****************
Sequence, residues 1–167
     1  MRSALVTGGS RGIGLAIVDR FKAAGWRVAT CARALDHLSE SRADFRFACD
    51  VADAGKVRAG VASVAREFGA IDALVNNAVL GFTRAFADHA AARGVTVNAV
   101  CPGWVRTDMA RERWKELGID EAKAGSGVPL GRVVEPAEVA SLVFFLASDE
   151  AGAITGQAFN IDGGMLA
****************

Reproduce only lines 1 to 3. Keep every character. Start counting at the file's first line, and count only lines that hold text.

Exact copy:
Sequence, residues 1–167
     1  MRSALVTGGS RGIGLAIVDR FKAAGWRVAT CARALDHLSE SRADFRFACD
    51  VADAGKVRAG VASVAREFGA IDALVNNAVL GFTRAFADHA AARGVTVNAV